AYER/SHIRLEY — Ayer-Shirley’s misfortunes continued Thanksgiving morning as they fell to the playoff-bound Littleton Tigers 36-12.
Seniors, Mike Montoya, Luke Snyder, Justis Wallace and Nick Guthiel all suited up for Ayer-Shirley for the final time Thursday morning. Panthers’ quarterback Zak Walker turned in a two-touchdown performance. Walker completed 13-of-24 passes for 128-yards with a rushing touchdown and one through the air with an interception.
Ayer-Shirley had won the last two meetings with Littleton coming into Thursday morning. The Panthers still own a 9-7 all-time lead in the rivalry. Ayer-Shirley junior Ryan Richard was named the Panthers’ team MVP with five catches for 75 yards in the loss.
“I just wanted to make it the best game for the four seniors and end the season on a bang,” said Richard. ” I can’t wait to come back next year.”
Littleton drew first blood on a quarterback 2-yard draw taken left side by senior quarterback Alex McLaughlin to give the Tigers the early 7-0 lead with 5:13 left in the first quarter. McLaughlin’s touchdown capped off a 68-yard drive for head coach Mike Lynn’s Tigers. Littleton accumulated 303 yards of total offense in the win.
The Panthers were inspired to make a game of it on their next drive. Walker led the Panthers down the field after taking over at their own 38-yard line.
Walker connected with his go-to wide receiver Wallace for an 8-yard touchdown reception in the left corner of the end zone. The two-point conversion was intercepted and ran back for two points making the score 9-6 with 1:48 left in the first quarter.
Ayer-Shirley fans were desperately hoping that the Panthers were going to hang tough with a strong Littleton team. The defense began to grow weary trying to stop the three-pronged Tigers’ rushing attack of Travis Bassett, Ryan Sullivan and Peter Murphy, who combined for 143 yards in the game. Bassett accounted for 93 yards rushing alone.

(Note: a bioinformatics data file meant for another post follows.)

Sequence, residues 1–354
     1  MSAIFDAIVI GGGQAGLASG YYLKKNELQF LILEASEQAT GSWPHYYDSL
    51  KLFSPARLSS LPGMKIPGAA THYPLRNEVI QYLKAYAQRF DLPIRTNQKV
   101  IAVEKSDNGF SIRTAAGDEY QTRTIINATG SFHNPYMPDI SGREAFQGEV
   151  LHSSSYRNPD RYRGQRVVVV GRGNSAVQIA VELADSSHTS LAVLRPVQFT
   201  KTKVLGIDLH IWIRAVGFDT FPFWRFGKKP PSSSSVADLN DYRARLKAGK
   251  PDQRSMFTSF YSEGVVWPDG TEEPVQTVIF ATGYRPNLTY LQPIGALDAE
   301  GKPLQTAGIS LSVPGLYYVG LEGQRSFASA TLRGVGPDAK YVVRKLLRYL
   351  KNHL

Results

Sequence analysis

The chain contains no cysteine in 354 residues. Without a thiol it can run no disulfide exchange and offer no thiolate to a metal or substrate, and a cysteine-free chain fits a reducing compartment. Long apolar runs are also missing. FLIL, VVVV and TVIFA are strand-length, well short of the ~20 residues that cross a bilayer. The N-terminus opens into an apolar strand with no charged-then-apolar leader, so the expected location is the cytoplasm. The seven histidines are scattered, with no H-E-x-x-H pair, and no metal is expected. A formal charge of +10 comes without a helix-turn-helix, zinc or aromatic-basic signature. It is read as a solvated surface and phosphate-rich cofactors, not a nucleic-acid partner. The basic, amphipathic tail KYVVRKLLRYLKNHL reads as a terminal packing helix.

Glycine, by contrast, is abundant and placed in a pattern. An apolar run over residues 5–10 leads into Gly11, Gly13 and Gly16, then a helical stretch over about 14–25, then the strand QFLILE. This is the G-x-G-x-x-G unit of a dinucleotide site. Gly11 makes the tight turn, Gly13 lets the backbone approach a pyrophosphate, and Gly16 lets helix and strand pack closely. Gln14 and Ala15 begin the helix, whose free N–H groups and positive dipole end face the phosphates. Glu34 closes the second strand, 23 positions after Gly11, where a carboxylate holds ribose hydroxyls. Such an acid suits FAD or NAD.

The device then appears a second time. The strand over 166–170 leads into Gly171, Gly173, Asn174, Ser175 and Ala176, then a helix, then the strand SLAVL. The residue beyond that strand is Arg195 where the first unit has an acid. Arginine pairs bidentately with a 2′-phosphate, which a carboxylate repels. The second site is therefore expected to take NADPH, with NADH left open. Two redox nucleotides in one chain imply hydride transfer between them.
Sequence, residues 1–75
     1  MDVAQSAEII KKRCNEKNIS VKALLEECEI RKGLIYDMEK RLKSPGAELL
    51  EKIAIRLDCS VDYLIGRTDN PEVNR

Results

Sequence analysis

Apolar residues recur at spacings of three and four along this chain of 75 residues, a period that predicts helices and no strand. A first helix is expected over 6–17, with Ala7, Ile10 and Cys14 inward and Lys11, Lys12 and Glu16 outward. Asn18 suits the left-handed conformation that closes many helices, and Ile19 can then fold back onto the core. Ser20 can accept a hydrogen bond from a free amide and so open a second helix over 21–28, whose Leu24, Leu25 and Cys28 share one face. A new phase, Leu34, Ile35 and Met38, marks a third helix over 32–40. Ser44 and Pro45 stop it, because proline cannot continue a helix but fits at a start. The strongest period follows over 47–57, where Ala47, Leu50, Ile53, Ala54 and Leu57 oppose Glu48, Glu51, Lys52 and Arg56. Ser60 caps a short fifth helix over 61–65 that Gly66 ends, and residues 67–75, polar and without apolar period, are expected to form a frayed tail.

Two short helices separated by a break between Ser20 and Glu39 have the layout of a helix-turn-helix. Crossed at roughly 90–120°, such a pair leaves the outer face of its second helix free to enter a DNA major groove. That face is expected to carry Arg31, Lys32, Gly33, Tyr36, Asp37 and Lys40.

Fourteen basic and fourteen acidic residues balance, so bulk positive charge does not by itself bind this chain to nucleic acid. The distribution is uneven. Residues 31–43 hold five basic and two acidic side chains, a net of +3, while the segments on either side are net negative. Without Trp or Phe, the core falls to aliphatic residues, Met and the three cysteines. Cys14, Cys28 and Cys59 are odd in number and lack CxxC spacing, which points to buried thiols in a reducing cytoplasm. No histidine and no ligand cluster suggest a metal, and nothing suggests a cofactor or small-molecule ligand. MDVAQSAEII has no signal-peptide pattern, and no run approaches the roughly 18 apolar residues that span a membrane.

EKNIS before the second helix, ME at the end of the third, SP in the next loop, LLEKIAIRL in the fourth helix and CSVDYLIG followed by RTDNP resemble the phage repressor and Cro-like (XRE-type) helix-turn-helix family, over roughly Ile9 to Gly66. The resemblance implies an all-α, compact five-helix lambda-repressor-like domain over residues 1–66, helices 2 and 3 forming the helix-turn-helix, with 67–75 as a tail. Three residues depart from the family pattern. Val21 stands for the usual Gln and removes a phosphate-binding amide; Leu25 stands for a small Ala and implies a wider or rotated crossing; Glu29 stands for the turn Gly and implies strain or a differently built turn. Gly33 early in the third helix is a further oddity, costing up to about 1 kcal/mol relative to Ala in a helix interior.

Littleton would reach the end zone again on a bullet by McLaughlin to Murphy for an 8-yard touchdown reception with 2:17 remaining before halftime, extending their lead to 15-6 as Sullivan’s extra point was blocked at the line by Ayer-Shirley.
On the Panthers ensuing drive they would go four-and-out. The Tigers would have just enough time to compile another touchdown drive before the half expired.
McLaughlin connected with Ryan Sullivan on a picturesque spiral down the right side sideline for a 17-yard reception with just 29 seconds on the clock. A flea-flicker earlier in the drive set up the Tigers red-zone drive just before the halftime whistle.
First-year head coach Jason Rivers tried to rally the troops at halftime, but Littleton’s offense was just too strong for the weary Panthers’ defense to contain. Littleton made the most of their opportunities in the second half, punching in two more before the end of regulation.
The first score of the second half was a halfback blast by Murphy inside for a 1-yard touchdown plunge, extending the Tigers’ lead to 30-6 with 4:48 remaining in the third quarter.
Ayer-Shirley turned the ball over on their first two possessions of the second half. Walker lofted a deep ball looking for Richard across the middle, but it was intercepted by Murphy at the Littleton 5-yard line with 6:40 remaining in the game.
McLaughlin lea the Tigers down the field with a little help from the Ayer-Shirley defense with two unsportsmanlike conduct penalties on the drive. Bassett pounded the ball right into the heart of the Panthers’ defense, taking the ball 15-yards to paydirt to extend the Tigers lead to 36-6.
The Panthers faced a third-and-long situation at the start of the fourth quarter following an illegal chop block at the line of scrimmage. Walker kept his composure, and hooked up with Richard on a 52-yard laser down the right side as he was brought down at the 2-yard line. Walker took it into the end zone himself on a keeper left side to round out the final score of 36-12.
The Panthers finish the season at 1-10, but Rivers feels that the best is yet to come for the Panthers. “At any point in time, we have five or six freshmen and sophomores on the field,” said Rivers. “I wish we would have grown up quicker during the season with the younger kids. We got experience money just can’t buy.”